A hairdresser assaulted a couple in their 30s for kissing outside a nightclub because she doesn’t like watching ‘old people’ make out.
Carly Edwards, 25, lashed out at the two lovers when they became affectionate at the front entrance of Edge Geelong, south-west of Melbourne, on October 24 last year.
An agitated Edwards approached the amorous pair, who were touching and kissing, and told them to leave the venue, the Geelong Advertiser reported.
She then punched the man and attempted to knee him in the groin.
During the outburst, Edwards said the victim was a ‘disgusting old man’ and called him a ‘pig’.
She took aim at the drink in his hand by hitting it away, and he suffered cuts to his mouth from the glass splinters.
‘Come on, hit me you coward. I know you want to,’ she told the victim.
The ordeal continued about half-an-hour later when Edwards followed the pair from the precinct and punched the woman in the face, police prosecutor Senior Constable Kylie Jane said.
Edwards was arrested a few weeks after the blow-up, the court was told.
She told police she ‘did not want to see old people making out’ and was drunk during the incident.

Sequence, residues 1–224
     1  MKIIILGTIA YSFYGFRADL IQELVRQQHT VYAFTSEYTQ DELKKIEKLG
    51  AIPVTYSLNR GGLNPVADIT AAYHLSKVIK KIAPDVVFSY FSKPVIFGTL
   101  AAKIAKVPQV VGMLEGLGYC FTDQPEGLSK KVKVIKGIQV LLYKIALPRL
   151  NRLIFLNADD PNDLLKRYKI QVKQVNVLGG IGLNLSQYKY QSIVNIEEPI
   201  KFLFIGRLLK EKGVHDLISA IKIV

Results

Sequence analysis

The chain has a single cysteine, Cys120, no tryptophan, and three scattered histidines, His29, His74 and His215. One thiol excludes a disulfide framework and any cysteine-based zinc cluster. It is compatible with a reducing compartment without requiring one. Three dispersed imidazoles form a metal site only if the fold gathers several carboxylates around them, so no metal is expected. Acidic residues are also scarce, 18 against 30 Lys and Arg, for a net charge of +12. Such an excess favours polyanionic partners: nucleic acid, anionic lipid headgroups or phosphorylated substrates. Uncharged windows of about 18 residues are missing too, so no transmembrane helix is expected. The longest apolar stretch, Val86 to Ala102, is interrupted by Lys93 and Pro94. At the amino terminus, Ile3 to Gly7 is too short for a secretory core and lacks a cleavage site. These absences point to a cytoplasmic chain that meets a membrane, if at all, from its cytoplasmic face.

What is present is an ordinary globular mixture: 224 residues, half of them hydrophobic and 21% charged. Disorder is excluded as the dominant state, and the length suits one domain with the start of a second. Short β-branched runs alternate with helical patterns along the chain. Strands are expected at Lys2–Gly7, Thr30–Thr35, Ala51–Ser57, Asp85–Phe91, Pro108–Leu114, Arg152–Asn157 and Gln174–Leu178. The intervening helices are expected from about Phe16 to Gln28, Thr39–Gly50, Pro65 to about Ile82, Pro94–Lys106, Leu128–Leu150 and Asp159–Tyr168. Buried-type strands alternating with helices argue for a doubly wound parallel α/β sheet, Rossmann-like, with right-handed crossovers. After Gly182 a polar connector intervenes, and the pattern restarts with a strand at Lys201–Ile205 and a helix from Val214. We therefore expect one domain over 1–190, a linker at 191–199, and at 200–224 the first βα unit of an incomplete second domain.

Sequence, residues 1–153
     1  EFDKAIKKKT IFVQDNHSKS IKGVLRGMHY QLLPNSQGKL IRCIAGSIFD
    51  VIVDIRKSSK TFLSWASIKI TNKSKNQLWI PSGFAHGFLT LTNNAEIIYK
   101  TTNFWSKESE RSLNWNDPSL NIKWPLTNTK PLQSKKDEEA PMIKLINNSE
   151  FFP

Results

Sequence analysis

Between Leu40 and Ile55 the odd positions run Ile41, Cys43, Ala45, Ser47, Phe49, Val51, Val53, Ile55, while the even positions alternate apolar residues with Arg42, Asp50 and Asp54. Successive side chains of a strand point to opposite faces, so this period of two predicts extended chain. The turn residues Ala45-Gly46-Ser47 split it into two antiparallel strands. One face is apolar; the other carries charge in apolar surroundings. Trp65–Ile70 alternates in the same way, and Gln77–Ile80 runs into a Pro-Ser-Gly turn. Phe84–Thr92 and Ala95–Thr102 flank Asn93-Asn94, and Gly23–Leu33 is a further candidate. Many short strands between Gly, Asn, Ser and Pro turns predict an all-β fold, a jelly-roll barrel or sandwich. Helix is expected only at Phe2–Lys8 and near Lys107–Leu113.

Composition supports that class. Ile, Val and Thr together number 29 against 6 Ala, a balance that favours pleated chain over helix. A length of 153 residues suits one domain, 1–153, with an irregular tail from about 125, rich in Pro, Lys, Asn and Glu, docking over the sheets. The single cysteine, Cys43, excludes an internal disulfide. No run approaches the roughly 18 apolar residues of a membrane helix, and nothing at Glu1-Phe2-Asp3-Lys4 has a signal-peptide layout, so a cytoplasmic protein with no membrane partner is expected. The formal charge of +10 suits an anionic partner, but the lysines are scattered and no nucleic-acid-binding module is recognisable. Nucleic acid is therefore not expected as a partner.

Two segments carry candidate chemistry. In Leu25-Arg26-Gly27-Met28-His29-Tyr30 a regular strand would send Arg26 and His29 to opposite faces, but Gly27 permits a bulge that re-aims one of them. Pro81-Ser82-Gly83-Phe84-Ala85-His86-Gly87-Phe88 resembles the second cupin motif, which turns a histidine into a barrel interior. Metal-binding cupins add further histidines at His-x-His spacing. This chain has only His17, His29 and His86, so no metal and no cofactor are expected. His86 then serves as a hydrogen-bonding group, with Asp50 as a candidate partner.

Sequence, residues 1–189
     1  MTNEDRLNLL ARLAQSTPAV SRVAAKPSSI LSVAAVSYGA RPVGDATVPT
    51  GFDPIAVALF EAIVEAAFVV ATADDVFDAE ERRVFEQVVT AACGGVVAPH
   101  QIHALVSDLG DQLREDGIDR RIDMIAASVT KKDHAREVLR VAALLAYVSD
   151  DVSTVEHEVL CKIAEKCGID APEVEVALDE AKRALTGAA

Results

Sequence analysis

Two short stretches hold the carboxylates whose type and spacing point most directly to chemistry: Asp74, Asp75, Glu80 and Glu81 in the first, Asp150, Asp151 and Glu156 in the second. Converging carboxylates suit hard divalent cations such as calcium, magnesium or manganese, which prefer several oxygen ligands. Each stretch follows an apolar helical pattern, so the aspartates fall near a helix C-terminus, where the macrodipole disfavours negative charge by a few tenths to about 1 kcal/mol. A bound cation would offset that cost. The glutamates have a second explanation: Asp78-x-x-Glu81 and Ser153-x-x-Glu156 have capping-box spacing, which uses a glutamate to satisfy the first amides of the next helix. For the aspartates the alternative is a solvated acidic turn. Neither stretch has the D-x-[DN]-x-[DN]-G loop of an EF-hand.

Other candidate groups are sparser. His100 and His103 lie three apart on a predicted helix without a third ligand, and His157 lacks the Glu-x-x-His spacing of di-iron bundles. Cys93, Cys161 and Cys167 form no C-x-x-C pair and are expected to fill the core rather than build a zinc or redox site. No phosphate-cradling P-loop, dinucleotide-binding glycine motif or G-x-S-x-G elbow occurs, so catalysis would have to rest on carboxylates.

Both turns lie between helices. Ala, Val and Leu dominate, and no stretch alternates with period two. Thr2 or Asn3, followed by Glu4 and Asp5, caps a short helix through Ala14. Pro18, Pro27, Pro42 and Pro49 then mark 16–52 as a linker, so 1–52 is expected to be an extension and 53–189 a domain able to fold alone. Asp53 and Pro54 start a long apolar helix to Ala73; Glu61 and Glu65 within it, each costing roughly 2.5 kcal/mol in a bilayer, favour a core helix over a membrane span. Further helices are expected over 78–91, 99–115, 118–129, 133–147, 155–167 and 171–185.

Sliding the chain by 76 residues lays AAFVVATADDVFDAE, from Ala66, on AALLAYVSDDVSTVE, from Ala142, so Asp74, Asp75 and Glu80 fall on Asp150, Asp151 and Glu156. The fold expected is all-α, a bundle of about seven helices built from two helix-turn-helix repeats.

In an Instagram story on Saturday, Edwards shared a quote which seemingly touched on the ordeal.
‘The beautiful thing about life is that you can always change, grow and get better,’ it read.
‘You aren’t defined by your past. You aren’t by your mistakes.’
Edwards pleaded guilty to two charges of unlawful assault at the Geelong Magistrates’ Court on Thursday.
Defence lawyer Stephanie Mawby said Edwards reacted after seeing what she labelled a ‘public sex act’.
She added her client is ‘very remorseful’ for her actions.
Ms Mawby told the court Edwards had been diagnosed with bipolar disorder and a combination of alcohol and prescription medications on the night of the assault contributed to her conduct.
A serious sentence was pushed by Sen-Constable Jane who described the ‘unprovoked attack’ as ‘extremely inappropriate’ and ‘disgraceful’.
Magistrate Peter Mellas said the behaviour was out-of-character but did not dismiss the serious nature of the assault.
‘The behaviour you engaged in was, obviously, completely and utterly inappropriate,’ Mr Mellas said.
‘But there’s nothing in your previous history to indicate you are someone who does this on a regular basis.’
She was handed a 12-month good behaviour bond and is required to pay $1000 in court costs.